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I was, of course, 15 minutes late, and I still had to stand in line behind a bunch of hopefuls squinting to find their names on the guest list. The 9:30 Club was sold out, and people were outside shouting for tickets. I walked into the packed house just as Jamiroquai was launching into “Space Cowboy” off Return of the Space Cowboy. The band—a two-man horn section, two keyboardists, two percussionists, a fresh-faced new bassist, and a DJ—was set against a fabric backdrop lit by projected stars. With his crew in orbit, surrounded by gleaming instruments, lead singer Jay Kay seemed as if he could be on the bridge of his own magnificent starship. Except for that goofy fur hat.

In between songs, Kay, Jamiroquai’s charismatic center of gravity, addressed the crowd. He assured us that he was happy to be here, in a club that reminded him of the small clubs back in Britain—maybe they’ll rename it the 9:30 Pub. Kay also snapped lightly at the American audience for not being aware of the newest Jamiroquai album, Synkronized, released early last month. After Kay had ascertained that the D.C. folks had indeed heard of the album and had indeed come to party, the music started up again, and the audience, which was noticeably integrated, erupted into motion. Teenagers and adults of all races were really dancing, obviously taking their cue from Kay himself, who never stopped moving. The crowd responded to his frenetic Ministry of Silly Walks-comes-to-the-Palladium routine with cheers and outlandish moves of its own. The music was loud, the lights flared to blinding intensity as every cut climaxed, and everyone was thrilled.

It wasn’t long before I realized I was not getting into it. The whole building was jamming to “Cosmic Girl,” and I was still feeling particularly terrestrial. So I headed to the bar for a drink, but even my gin and tonic seemed a little too mundane for the events at hand.


I was half the man I used to be

Maybe that’s because you’re the other half of me

Like the spring in bloom

The summer of our love is soon

Every bird will sing

The melody of our love tune.

My last serious love turned me on to Jamiroquai. Her name is still taped to the inside cover of our used copy of the Return of the Space Cowboy CD. Some time after that relationship fell tragically to Earth, I decided that if I could ever replicate the sentiment in those lyrics, Jamiroquai’s “Half the Man” would be the song played at my wedding. Yeah, the words are a little corny, but it’s a nice idea and a pretty song. Jamiroquai came nowhere near that song on Monday night. Too sentimental, I guess. Jay Kay also informed the people in the audience that they would have to wait until November, when Jamiroquai returns to the D.C. area, to hear “Manifest Destiny” and a few other tunes. “Manifest Destiny”—my other favorite Jamiroquai song—is Kay’s simplistic but I hope sincere take on his ancestors’ part in slavery. Too serious. Apparently, the fellas in Jamiroquai were not willing to try anything too mellow and risk dropping out of light speed.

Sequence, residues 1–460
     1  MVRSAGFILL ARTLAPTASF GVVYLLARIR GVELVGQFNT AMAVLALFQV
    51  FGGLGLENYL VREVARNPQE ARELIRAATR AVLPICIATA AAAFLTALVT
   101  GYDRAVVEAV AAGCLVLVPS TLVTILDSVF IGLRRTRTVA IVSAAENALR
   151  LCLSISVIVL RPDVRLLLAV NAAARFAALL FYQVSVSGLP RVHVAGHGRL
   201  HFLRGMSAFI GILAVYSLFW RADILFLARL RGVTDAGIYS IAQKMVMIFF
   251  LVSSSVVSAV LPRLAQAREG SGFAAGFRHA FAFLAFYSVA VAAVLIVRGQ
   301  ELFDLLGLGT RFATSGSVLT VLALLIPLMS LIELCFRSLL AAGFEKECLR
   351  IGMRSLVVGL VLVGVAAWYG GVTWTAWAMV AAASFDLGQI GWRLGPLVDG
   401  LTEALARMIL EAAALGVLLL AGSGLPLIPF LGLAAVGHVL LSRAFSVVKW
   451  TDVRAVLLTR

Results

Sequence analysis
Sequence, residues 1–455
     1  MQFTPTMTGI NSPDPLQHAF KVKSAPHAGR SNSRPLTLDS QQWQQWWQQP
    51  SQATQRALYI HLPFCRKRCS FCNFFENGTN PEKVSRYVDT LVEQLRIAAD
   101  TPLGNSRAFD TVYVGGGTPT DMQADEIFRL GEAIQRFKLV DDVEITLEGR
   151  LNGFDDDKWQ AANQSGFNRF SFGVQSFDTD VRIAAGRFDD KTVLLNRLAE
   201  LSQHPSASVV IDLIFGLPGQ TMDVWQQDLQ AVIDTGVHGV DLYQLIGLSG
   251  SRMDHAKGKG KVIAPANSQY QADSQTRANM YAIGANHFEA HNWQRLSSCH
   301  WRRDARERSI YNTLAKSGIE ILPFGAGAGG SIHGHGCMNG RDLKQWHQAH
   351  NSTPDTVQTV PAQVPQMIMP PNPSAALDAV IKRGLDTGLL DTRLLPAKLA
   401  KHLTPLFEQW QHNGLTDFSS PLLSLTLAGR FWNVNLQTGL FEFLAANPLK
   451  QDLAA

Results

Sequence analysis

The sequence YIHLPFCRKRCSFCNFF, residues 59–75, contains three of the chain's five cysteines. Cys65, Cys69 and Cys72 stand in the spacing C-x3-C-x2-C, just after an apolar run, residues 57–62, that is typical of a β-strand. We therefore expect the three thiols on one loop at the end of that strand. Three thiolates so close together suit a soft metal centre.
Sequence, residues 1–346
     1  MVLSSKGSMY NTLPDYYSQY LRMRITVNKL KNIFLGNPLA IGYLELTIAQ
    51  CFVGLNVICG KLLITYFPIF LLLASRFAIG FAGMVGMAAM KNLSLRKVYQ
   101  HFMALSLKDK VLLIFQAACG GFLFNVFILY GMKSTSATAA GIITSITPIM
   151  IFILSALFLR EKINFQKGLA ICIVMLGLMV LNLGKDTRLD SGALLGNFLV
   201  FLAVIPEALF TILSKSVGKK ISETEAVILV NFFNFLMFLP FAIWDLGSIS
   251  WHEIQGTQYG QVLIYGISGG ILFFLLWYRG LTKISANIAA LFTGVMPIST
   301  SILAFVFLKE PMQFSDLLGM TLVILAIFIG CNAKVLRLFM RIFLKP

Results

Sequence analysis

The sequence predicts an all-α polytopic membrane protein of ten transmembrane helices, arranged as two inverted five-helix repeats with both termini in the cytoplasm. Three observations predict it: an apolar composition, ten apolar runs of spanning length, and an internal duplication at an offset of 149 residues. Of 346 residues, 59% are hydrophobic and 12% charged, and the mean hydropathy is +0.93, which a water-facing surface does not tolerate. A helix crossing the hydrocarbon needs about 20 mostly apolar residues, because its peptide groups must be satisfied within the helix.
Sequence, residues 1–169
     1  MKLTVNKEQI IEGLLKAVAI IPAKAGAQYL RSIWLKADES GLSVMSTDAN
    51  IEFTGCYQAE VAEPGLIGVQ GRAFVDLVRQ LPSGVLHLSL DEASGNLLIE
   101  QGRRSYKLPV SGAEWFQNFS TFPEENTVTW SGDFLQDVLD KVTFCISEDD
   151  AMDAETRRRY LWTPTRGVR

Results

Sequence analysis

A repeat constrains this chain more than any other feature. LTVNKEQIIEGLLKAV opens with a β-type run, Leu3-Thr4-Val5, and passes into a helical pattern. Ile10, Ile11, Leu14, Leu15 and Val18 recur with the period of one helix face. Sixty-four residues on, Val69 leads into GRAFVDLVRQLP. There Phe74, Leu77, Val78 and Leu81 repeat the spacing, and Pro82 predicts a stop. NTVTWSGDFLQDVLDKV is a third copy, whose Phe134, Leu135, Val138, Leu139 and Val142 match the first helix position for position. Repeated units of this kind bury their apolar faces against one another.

Instead, we got disco didgeridoo. Wallis Buchanan, Jamiroquai’s long-standing, dreadlocked didgeridoo player, came out under flashing strobes to perform “Supersonic,” off the newest album. In keeping with the theme, Kay took a break to tell us about his need for speed. The artist, who, Vibe magazine recently revealed, has a thing for classic cars, also has difficulty keeping a driver’s license in his homeland. His problem is apparently related to his low “regard for authority.” “Fuck ’em,” Kay shouted to the audience, who replied with blind enthusiasm. How do the Brits put it? Cheeky devil.

Jamiroquai did a lot of material from the new album, including the next single, the Sly Stone-ish “Black Capricorn Day” and the funked-up but environmentally conscious “Planet Home.” I eventually realized that I was in no danger of hearing either of my two favorite Synkronized tracks, “Falling” or “King for a Day,” because of their low hype factor. The climax of the evening came when Kay pulled a voluptuous young showboat on stage to dance with him to a cover of the Rolling Stones’ “Miss You.” The woman’s refined rump-shaking made Kay’s funky-white-boy jerks seem even more spastic, but she never forsook him. They danced ass cheek to ass cheek and held hands as he spun her around. In the end they hugged, to genuine applause from the crowd.

In 1998, Jamiroquai came out with a high-energy song called “Deeper Underground Pt. 1.” Unfortunately, the song was written for the Godzilla soundtrack, along with that laughable song by Sean “Puffy” Combs and Jimmy Page. “Deeper” was a No. 1 hit in the U.K., but the soundtrack and the movie were both duds in the U.S. Yet for some strange reason, Jay Kay and the boys expected us to believe that they would actually end their sold-out D.C. concert with that song—when they hadn’t even done the first single off their most recent album. Even more shockingly, the audience followed along like Hale-Boppers, clapping and hollering for the inevitable encore.

The 10-member band filed back onto the stage as expected and leaped into a supercharged version of “Canned Heat.” As Kay led the crowd in a chant of “D.C. party people are the best party people,” I had to concede that I had missed the point. Jamiroquai thanked the sweaty crowd as I walked out, still uptight. CP